An unfinished movie
by Frank Zappa
. Starring the musician's own Mothers of Invention as caricature versions of themselves, it was supposed to tell a story of how a tour could drive a band insane, but a series of problems including reduced budget and one of the band members leaving during the process, made only one third of the script being filmed. The 1971 release features a new plot created by Zappa in the editing room in order to make something more or less coherent with what he could film. The resulting piece consists in a series of surreal sketches involving groupies, drugs and odd fetishes, all alternating and/or coexisting with music numbers ranging from orchestral pieces and rock 'n' roll cliche parodies.
It also stars Ringo Starr
as Larry the Dwarf/Frank Zappa, Keith Moon
as a nun groupie, Theodore Bikel as Rance Muhammitz and former Mothers
Many dialogues were based on records of actual conversations by the members of the band, were they talked things like leaving Zappa for being too old to rock 'n' roll. Bassist Jeff Simmons apparently didn't like at all of being spied, so he left the band. With jeff being sort of a protagonist in the main plot, a last-minute substitute came in the form of Ringo Starr's chauffeur Martin Lickert.
While one can only wonder what a really awesome movie would come out if it was actually finished
, it's still a very entertaining film and a true Cult Classic
, far more fun to watch than Uncle Meat
, Zappa's other aborted film project (also released with what he could do).
- Actor Allusion: Larry The Dwarf (Ringo Starr) monologue about the retraining facility for musicians mentions how pop groups gain more money than orchestra musicians.
- All the dialogues that were taken from taped recordings of the band talking - a big part of the movie.
- All Men Are Perverts: The Mothers.
- All Women Are Lustful: The groupies.
- Bad Boss: The way the band sees Zappa. Zappa was aware that many felt he was a difficult task master, because he left cassette recordings around to tape people's conversations, something that is also spoofed in this movie. The fact that it's included in the film might only confirm it.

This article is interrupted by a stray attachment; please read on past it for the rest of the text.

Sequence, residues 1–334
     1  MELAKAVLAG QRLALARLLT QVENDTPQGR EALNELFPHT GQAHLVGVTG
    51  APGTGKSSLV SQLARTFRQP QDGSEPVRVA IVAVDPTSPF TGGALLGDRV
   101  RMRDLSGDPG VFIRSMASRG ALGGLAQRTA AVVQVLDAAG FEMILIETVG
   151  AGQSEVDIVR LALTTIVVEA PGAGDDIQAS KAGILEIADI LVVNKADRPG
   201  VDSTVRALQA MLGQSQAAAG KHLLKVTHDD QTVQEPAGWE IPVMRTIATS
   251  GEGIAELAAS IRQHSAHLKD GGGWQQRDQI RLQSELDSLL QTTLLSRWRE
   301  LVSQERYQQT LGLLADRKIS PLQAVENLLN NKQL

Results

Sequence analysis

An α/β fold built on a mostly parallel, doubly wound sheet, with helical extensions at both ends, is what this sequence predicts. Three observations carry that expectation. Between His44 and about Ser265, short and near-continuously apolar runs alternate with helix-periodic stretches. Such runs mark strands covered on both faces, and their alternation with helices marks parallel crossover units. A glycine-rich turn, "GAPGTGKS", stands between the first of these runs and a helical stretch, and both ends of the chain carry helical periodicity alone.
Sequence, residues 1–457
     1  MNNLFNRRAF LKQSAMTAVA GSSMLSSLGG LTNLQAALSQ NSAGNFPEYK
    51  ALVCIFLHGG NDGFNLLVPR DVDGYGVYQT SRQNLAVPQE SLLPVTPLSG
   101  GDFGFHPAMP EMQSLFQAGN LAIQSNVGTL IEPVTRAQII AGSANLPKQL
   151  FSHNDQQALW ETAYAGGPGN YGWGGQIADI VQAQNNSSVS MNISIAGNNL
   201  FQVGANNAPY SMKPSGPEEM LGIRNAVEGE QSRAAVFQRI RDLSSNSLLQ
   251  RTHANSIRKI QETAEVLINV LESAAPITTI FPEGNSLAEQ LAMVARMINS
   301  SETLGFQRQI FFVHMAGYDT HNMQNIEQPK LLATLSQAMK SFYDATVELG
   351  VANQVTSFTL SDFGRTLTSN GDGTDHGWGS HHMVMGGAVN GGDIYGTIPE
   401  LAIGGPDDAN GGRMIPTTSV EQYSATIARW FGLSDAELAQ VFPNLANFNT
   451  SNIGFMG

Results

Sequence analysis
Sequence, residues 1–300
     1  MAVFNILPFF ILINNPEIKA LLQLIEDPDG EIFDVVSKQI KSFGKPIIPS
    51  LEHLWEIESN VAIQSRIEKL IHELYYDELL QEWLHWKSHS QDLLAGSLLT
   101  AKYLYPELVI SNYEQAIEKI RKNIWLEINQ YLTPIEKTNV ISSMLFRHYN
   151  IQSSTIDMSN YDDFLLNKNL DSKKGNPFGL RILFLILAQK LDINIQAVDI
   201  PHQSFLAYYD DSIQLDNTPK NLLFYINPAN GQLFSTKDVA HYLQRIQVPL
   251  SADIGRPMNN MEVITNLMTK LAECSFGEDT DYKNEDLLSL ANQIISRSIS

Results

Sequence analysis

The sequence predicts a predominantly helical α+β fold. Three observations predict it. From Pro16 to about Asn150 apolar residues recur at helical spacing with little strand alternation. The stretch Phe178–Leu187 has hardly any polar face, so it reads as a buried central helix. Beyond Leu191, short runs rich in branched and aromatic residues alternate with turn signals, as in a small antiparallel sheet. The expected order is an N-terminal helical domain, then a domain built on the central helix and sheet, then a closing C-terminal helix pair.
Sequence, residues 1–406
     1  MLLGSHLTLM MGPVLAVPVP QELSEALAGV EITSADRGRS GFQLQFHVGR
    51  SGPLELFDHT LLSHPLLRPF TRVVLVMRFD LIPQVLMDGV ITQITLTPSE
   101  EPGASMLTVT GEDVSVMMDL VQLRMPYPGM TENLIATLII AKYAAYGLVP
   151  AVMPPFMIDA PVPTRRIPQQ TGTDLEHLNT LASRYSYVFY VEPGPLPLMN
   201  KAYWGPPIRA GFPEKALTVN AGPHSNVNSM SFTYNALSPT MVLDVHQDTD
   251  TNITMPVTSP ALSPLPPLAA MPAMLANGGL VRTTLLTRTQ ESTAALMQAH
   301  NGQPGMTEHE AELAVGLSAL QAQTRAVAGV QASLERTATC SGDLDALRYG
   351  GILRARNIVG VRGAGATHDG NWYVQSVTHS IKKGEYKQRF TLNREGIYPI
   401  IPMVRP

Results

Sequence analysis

- Bad Girl Song: The suite made of She Painted Up Her Face, Janet's Big Dance Number, Half a Dozen Provocative Squats, Mysterioso, Shove it Right In and Lucy's Seduction of a Bored Violinist
- Big Brother Is Watching: Larry the Dwarf (dressed like Zappa) is hiding in the corner of various scenes, often with a tape recorder.
- Rance appears in the middle of two musical sequences, laughing of the trouble in one of them.
- Big Name Fan: In his book "Stupid White Men" Michael Moore suggested showing this movie to Kim-Jong Il to change his view points.
- Breaking the Fourth Wall: The film is aware it's cheap looking and mostly filmed on a set.
- During "Strictly Genteel" Theodore Bikel even announces: "This, as you might have guessed is the end of the movie. The entire cast is assembled here to bid farewell to you and express thanks for your attendance at this theatre." Then he decides to sing a "kind of sentimental song that you get at the end of a movie, it's the kind of a song that people might sing to let you and the audience know that we really like and care about you." Near the end of the song the band members sing: "They're gonna clear out the studio" and summarize all the things they're going to do to clean up the set.
- The Cameo: Famous groupie Pamela Des Barres as a rock 'n' roll journalist.
- City in a Bottle: Not directly stated in the final movie, but maybe something was cut telling that Centerville is a fake city inside the retraining facility. Reinforced by the fact that the characters refers to places like fake nightclub and fake stage, although it can be simply a chessy Leaning on the Fourth Wall
- Cool Pet: Motorhead Sherwood's newts.
- Covers Always Lie: Despite his giant face luring on the film poster and DVD cover Zappa is hardly seen in this movie. His total screen time takes up less than a minute and he doesn't even have a line.
- Creator Cameo: Sort of. Zappa don't star in the movie itself, only appears as a musician in band-only music segments.
- Cross Dresser:
- Motorhead Sherwood and Mark Volman
- Keith Moon as a nun.
- Crowd Song: "Penis Dimension", sung by the whole cast with torches, and "Strictly Genteel", sung by the entire cast without torches.
- Deal with the Devil: Rance Muhammitz/The Devil gives away hamburgers and beers, asking in exchange for a signature in blood.
- Deep South: Lonesome Cowboy Hurt definitely hails from there.